The movie follows Williams’ career from his breakthrough in the 1940s to his death from heart failure, slumped in the back of his Cadillac, at the age of 29 in 1953.
London-born “Thor” actor, Hiddleston, said one of the biggest challenges he faced was learning Williams’ accent.
“He has a resonant tone of a gospel preacher, which comes from something deep in his southern roots,” he told Reuters at the film’s premiere in Los Angeles on Tuesday night. “As soon as I started to listen to the cadence and the musicality of the way he spoke, that was when it clicked for me.”
He described the singer-songwriter – whose hits included “Your Cheatin’ Heart” and “I’m So Lonesome I Could Cry” – as “a cornerstone in the development of American music”.
“Music is the most evocative, most immediately emotional art form, I think. My admiration for singers is huge and I think singing is the most naked means of expression, there’s nothing to hide behind,” Hiddleston said.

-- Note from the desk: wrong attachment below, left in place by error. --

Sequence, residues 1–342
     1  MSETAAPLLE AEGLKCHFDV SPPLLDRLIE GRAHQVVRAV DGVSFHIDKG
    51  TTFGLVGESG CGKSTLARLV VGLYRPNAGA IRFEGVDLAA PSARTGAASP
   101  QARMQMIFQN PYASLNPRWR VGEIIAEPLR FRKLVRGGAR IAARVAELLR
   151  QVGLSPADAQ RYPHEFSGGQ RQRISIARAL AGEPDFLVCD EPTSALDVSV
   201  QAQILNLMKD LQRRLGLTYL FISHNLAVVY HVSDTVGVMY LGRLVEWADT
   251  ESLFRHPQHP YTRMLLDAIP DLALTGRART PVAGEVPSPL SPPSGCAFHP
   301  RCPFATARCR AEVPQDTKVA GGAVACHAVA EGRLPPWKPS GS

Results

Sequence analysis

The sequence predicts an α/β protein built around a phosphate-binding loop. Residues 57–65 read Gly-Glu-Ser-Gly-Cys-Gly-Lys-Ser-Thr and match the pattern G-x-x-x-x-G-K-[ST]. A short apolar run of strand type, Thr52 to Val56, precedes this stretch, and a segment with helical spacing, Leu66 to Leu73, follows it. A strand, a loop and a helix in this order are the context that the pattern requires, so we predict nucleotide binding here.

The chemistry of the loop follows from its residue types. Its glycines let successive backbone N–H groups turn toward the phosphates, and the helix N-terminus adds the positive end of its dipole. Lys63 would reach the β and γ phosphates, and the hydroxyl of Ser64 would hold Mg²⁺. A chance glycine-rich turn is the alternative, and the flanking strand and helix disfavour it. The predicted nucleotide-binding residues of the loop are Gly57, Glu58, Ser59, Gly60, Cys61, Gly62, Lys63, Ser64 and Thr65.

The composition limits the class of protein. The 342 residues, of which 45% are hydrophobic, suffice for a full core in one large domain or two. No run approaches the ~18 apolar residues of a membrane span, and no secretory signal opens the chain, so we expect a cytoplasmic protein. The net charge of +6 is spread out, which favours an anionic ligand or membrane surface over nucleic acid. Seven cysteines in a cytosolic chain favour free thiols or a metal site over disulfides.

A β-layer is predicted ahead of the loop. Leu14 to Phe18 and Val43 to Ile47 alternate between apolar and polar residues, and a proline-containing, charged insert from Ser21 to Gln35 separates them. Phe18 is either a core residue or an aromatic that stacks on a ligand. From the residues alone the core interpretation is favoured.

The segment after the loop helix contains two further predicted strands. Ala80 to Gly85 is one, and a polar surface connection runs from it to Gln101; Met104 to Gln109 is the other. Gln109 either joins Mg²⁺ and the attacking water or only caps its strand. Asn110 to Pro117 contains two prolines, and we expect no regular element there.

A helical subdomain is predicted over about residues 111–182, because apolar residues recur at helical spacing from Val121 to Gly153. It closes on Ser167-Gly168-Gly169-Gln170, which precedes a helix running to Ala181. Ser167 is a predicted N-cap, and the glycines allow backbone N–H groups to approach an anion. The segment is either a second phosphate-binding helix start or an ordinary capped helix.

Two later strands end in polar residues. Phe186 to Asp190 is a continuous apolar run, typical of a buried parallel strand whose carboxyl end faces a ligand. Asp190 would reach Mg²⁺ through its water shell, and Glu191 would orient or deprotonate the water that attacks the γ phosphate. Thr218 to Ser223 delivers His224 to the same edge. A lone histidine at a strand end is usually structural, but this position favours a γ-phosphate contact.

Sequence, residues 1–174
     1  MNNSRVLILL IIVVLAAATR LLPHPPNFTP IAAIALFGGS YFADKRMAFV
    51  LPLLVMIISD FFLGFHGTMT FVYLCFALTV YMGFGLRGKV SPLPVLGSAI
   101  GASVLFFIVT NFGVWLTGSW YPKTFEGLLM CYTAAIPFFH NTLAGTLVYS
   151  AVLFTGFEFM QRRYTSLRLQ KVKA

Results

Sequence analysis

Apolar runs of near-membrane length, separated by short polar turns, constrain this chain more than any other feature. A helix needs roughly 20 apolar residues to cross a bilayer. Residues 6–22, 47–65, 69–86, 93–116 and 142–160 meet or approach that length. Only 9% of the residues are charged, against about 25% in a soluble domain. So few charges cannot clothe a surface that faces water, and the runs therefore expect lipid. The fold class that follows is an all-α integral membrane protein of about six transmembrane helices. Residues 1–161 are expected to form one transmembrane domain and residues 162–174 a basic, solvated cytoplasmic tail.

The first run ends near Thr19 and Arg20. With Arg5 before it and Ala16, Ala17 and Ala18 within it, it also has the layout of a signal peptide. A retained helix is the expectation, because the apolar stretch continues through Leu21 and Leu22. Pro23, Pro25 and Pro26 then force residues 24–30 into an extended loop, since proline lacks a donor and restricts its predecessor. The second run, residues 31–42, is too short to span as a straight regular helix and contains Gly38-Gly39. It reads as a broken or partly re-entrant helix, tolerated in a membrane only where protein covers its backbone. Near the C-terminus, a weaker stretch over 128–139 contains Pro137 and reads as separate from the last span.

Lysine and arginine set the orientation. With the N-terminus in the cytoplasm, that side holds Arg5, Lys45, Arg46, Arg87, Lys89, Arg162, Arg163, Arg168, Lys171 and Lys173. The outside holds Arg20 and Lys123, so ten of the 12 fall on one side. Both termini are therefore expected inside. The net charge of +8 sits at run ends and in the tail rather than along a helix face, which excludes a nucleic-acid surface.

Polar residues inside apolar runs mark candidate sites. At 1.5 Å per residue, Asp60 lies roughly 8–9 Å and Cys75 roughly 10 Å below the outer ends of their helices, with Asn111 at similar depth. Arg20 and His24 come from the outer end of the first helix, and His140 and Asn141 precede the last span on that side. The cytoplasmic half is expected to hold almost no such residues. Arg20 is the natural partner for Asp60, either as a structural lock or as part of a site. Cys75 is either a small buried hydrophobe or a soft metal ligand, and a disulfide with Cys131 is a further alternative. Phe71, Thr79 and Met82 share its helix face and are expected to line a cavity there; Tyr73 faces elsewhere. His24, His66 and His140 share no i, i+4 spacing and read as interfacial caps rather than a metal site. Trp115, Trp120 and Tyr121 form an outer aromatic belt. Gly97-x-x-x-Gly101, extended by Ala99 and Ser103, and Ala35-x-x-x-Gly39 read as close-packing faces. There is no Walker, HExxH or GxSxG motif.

The film also looks at Williams’ relationship with his first wife Audrey, played by “Avengers” star Elizabeth Olsen, which grew more tempestuous as the singer relied increasingly on painkillers and alcohol.
It is one of several music biopics, including “Miles Ahead” with Don Cheadle as Miles Davis and “Born to Be Blue” in which Ethan Hawke portrays Chet Baker, to be released this year.
“I Saw the Light” opens in cinemas in Los Angeles, New York and Nashville on Friday.